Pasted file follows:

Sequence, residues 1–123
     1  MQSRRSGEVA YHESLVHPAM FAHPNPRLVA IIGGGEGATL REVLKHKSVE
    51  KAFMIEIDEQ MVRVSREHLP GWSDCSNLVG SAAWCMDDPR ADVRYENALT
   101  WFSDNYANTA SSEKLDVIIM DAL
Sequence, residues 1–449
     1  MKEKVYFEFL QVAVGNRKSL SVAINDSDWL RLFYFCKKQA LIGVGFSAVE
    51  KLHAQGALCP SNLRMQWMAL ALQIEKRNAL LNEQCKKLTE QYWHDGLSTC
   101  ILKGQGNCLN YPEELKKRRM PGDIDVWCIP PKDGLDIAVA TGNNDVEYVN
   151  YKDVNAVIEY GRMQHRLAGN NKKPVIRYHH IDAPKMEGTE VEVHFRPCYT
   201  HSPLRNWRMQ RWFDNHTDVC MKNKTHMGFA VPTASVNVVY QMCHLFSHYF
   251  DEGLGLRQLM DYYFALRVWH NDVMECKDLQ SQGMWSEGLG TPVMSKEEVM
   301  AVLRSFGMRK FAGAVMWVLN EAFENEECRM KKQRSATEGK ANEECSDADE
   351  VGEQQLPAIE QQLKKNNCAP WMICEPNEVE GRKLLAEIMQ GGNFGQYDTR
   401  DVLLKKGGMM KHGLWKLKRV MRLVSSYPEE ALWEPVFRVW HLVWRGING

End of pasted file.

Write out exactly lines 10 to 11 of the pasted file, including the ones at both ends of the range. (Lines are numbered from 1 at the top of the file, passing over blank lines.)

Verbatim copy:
   201  HSPLRNWRMQ RWFDNHTDVC MKNKTHMGFA VPTASVNVVY QMCHLFSHYF
   251  DEGLGLRQLM DYYFALRVWH NDVMECKDLQ SQGMWSEGLG TPVMSKEEVM